Standing in complete opposition to science, Democrats seem insistent on keeping schools shuttered for the foreseeable future.
On the same day the U.S. Centers for Disease Control and Prevention released a paper showing “scant transmission” of COVID-19 in the classroom, New York City council member Mark Levine, a Democrat, said it’s “too soon” to say whether the city’s public middle and high schools will reopen by September. And President Joe Biden’s pick for deputy secretary of the Department of Education, Cindy Marten, has made clear she has no interest in reopening public schools in San Diego, where she serves as superintendent. It would be wrong to allow kids to come back to school, she reasoned, because the virus is “out of control in our communities.”
And, despite his promise to get schools across the U.S. reopened in the first 100 days of his presidency, Biden has shown an unwillingness so far to stand up to teachers’ unions, whose members are actively defying and pushing back against efforts to get children back in their classrooms for in-person learning.
The CDC isn’t the only group highlighting the fact that Democrats aren’t on the side of science in their push to keep classrooms closed.
A recently released joint study between Duke University and the University of North Carolina-Chapel Hill found that, after observing 100,000 students and staff members across 11 school districts for nine weeks, there were zero instances of children passing COVID-19 onto adult instructors or school employees. The researchers concluded such transmissions are “extremely rare.”
Dr. Anthony Fauci, director of the National Institute of Allergy and Infectious Diseases, has said the default position of the government should be “to keep the children in school or to get them back to school.”
Last summer, now-former CDC Director Dr. Robert Redfield said that, because of the limited transmission of COVID-19 among children, the risk of suicides and drug overdoses is “far greater” than the number of COVID-related deaths in the country’s younger population.
“There has been another cost that we’ve seen, particularly in high schools,” Redfield said at the time. “We’re seeing, sadly, far greater suicides now than we are deaths from COVID. We’re seeing far greater deaths from drug overdose that are above excess that we had as a background than we are seeing the deaths from COVID.”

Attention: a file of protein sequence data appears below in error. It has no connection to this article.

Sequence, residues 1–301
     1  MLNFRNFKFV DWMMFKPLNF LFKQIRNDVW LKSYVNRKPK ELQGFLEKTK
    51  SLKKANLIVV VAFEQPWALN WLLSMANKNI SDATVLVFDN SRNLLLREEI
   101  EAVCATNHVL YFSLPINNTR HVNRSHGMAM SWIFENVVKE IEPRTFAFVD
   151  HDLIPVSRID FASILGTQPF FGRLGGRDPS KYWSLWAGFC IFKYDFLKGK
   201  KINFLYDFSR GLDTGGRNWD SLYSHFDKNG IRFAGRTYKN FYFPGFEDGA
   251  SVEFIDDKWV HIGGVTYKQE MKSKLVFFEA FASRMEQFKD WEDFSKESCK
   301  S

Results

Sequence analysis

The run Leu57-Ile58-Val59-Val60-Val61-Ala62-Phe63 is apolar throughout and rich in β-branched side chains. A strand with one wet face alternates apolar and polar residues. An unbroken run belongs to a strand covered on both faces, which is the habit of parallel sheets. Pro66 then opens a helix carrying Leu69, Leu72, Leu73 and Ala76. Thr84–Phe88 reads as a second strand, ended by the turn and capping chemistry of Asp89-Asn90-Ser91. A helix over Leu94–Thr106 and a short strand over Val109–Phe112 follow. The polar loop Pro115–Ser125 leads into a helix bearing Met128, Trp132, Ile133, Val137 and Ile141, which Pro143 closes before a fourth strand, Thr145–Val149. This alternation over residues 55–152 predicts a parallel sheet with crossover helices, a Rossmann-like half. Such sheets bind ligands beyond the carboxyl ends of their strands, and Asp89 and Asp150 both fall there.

Weeks before Redfield shared his concerns, the American Academy of Pediatrics said the cost of keeping kids out of classrooms and away from their peers and teachers will be much worse than the impact of COVID-19.
“Lengthy time away from school and associated interruption of supportive services,” the AAP stated, “often results in social isolation, making it difficult for schools to identify and address important learning deficits as well as child and adolescent physical or sexual abuse, substance use, depression, and suicidal ideation.”
The CDC also revealed in August that one-quarter of young adults in the U.S. have thought about suicide since the pandemic began. And 25.5% of Americans between the ages of 18 and 24 seriously contemplated taking their own lives.
As it turns out, we’re now sadly seeing the truth of what our scientists have warned us about.
Officials with the Clark County School District in Nevada — the fifth-largest district in the nation — have said they’re now facing the devastating outcomes we’ve known were coming. According to a report from The New York Times, there were 18 suicides in the nine months schools in the CCSD were closed for in-person learning.
Jesus Jara, superintendent of the CCSD, said, “We have to find a way to put our hands on our kids, to see them, to look at them. They’ve got to start seeing some movement, some hope.” He said the district is now staring down “a mental health crisis and an academic crisis.”
Despite all this, Biden insists he’s listening to — you guessed it — the science.
“We’re letting science speak again,” he claimed during a speech Tuesday.